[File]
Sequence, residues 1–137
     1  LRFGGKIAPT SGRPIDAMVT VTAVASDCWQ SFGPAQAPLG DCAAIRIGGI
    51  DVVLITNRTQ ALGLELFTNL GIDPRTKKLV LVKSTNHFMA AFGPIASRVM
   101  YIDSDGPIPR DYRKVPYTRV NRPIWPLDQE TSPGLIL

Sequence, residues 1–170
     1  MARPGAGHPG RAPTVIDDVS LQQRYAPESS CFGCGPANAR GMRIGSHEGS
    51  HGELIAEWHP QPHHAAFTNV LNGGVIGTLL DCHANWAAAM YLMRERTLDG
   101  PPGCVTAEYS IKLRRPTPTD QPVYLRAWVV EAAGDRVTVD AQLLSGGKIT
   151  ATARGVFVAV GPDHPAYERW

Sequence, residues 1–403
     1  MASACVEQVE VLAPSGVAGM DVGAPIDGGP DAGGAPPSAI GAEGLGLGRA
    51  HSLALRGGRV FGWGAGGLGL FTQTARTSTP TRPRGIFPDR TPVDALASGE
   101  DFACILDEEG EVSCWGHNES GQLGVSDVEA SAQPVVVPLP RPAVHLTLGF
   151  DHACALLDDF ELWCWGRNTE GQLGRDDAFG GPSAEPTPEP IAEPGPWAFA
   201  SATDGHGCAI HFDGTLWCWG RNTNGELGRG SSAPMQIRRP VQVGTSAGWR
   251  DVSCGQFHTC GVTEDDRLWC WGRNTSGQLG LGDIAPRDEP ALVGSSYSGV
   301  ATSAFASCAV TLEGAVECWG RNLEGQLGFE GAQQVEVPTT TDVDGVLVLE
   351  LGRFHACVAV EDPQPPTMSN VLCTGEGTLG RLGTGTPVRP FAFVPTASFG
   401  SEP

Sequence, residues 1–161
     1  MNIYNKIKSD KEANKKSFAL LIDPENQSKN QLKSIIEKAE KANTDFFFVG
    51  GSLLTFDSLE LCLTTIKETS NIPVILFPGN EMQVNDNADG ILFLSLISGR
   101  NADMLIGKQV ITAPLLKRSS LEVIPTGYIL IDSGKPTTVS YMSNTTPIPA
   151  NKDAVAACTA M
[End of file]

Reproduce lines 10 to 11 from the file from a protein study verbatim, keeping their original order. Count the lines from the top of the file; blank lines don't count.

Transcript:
Sequence, residues 1–403
     1  MASACVEQVE VLAPSGVAGM DVGAPIDGGP DAGGAPPSAI GAEGLGLGRA